If you meet the conditions of the substantial presence test, you are considered to be a U.S. resident for U.S. International tax purposes. If you qualify as a U.S. resident under the substantial presence test, you may be able to have your nonresident spouse treated as a U.S. resident for tax purposes even if your spouse does not qualify under the substantial presence test.
What are the Benefits of Treating a Nonresident Spouse as a Resident?
If you elect to treat your nonresident spouse as a resident for U.S. taxation purposes, in the year that you make that election, both you and your nonresident spouse will be taxed on your worldwide income. IRS – Nonresident Spouse Treated as a Resident. In the year that you elect your nonresident spouse as a U.S. resident, both you and your nonresident spouse will be treated as U.S. residents for the entire tax year for the purposes of U.S. federal income tax and U.S. federal income tax withholding. The nonresident spouse may still elect to be treated as a nonresident alien for the purposes of other taxes, such as Chapter 3 withholding or Social Security or Medicare tax withholding. Americans Abroad – US Tax Implications of a Non American Spouse.
Treating your nonresident spouse as a resident for tax purposes allows you and your spouse to file a tax return jointly, giving you access to the many benefits of jointly filed tax returns, including a higher standard deduction for joint taxpayers. Another benefit of making this election is that you and your nonresident spouse may be able to exclude foreign earned income from your taxable income. You may also be able to claim a foreign deduction or credit on any foreign taxes paid to the foreign spouse’s country of residence.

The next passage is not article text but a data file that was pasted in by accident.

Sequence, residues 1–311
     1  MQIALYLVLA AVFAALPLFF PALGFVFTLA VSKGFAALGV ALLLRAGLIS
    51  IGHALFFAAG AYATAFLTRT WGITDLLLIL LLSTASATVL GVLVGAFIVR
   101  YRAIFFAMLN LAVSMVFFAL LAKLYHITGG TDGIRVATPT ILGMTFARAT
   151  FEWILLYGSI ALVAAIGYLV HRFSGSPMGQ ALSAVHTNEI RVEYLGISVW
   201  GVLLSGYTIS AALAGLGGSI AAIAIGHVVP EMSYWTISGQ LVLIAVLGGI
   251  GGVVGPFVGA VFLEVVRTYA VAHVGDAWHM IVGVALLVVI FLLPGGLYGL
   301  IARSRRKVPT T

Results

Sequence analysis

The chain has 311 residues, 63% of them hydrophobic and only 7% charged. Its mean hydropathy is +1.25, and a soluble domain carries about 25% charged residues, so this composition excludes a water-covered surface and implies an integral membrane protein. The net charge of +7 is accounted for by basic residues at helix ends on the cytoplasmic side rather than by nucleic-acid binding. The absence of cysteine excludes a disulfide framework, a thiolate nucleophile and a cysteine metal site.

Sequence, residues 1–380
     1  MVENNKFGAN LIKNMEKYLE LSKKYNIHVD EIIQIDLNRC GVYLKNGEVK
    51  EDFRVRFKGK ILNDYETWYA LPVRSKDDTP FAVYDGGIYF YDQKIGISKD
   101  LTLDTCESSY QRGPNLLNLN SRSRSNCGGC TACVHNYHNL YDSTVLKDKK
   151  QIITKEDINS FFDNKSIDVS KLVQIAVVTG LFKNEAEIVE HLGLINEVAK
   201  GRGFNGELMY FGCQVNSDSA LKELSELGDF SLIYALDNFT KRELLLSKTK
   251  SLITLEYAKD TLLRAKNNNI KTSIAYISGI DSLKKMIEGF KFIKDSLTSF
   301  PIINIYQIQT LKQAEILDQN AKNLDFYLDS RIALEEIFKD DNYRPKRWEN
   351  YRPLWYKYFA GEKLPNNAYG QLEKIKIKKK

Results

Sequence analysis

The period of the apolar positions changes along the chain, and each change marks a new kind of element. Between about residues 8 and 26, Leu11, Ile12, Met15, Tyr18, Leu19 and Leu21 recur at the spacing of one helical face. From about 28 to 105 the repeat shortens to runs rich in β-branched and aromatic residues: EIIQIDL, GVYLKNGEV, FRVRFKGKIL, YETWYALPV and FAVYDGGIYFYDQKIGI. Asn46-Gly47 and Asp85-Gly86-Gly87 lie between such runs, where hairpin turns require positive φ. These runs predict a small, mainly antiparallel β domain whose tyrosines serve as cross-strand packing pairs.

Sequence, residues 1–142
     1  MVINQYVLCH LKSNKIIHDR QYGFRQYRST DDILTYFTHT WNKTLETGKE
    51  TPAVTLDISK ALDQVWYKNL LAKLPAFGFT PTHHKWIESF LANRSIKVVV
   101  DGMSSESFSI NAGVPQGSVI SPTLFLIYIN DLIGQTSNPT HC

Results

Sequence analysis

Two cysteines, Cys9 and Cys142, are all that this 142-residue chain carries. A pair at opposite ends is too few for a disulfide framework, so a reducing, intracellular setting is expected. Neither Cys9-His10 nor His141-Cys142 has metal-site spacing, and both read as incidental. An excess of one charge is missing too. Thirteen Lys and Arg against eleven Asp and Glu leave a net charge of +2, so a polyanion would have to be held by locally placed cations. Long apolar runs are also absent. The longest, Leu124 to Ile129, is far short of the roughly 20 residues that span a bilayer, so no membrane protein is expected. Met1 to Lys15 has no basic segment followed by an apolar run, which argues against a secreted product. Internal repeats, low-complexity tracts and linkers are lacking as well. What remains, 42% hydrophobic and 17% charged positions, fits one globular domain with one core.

What are the Disadvantages of Treating a Nonresident Spouse as a Resident?
One of the implications of treating a nonresident spouse as a resident for tax purposes is that, for the tax year of the election, neither spouse can claim tax treaty benefits of the foreign spouse’s country of residence. Another potential downside of the election is that once it is made, it continues for future tax years until you take steps to change the election, or it is revoked by the IRS.
How Can I Elect to Treat a Nonresident Spouse as a Resident?
In order to treat your nonresident spouse as a resident, you and your spouse must file a joint tax return. In addition to completing a joint return, you must also attach a written statement to the return which contains specific information. In particular, this written declaration must state that you are either a U.S. citizen or a U.S. resident for tax purposes on the last day of the tax year. You must also write that your spouse is a nonresident, but you are electing to treat your spouse as a U.S. resident for the purposes of U.S. taxation for the entire tax year. In addition, the written statement must contain the name, address, and identification number of each spouse.
Can I Elect to Treat a Nonresident Spouse as a Resident Retroactively?
In general, you should elect to treat your nonresident spouse as a U.S. resident at the time you file your joint tax return. The election should be made in the year for which you wish to make the election. However, if you fail to do so, you may make the election at a later date by filing an amended return. You can claim this special status by filing a joint amended return within 3 years from the date that you filed your original return, or within 2 years from the date that you actually paid your income tax for that year, whichever is later. The form used for these purposes is the Form 1040X, Amended U.S. Individual Income Tax Return. IRS – Amended US Individual Income Tax Return.
A Tax Attorney Can Help You and Your Nonresident Spouse with Your Tax Situation
If you are a U.S. Citizen or U.S. resident for taxation purposes, and you wish to treat your nonresident spouse as a U.S. resident, you may need the assistance of a knowledgeable tax attorney to help you evaluate all aspects of your situation.